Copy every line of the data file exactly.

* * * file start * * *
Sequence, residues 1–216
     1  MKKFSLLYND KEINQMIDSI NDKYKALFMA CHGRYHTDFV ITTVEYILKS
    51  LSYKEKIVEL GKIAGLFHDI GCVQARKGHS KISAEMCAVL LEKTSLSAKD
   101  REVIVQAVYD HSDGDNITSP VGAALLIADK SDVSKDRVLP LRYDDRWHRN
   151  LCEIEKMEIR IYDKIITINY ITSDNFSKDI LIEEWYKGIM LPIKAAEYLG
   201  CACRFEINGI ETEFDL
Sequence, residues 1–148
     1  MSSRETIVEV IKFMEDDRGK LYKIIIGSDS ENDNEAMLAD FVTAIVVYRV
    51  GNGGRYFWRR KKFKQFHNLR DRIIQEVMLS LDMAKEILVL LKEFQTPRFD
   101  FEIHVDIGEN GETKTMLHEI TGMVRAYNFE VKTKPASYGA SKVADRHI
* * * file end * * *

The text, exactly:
Sequence, residues 1–216
     1  MKKFSLLYND KEINQMIDSI NDKYKALFMA CHGRYHTDFV ITTVEYILKS
    51  LSYKEKIVEL GKIAGLFHDI GCVQARKGHS KISAEMCAVL LEKTSLSAKD
   101  REVIVQAVYD HSDGDNITSP VGAALLIADK SDVSKDRVLP LRYDDRWHRN
   151  LCEIEKMEIR IYDKIITINY ITSDNFSKDI LIEEWYKGIM LPIKAAEYLG
   201  CACRFEINGI ETEFDL
Sequence, residues 1–148
     1  MSSRETIVEV IKFMEDDRGK LYKIIIGSDS ENDNEAMLAD FVTAIVVYRV
    51  GNGGRYFWRR KKFKQFHNLR DRIIQEVMLS LDMAKEILVL LKEFQTPRFD
   101  FEIHVDIGEN GETKTMLHEI TGMVRAYNFE VKTKPASYGA SKVADRHI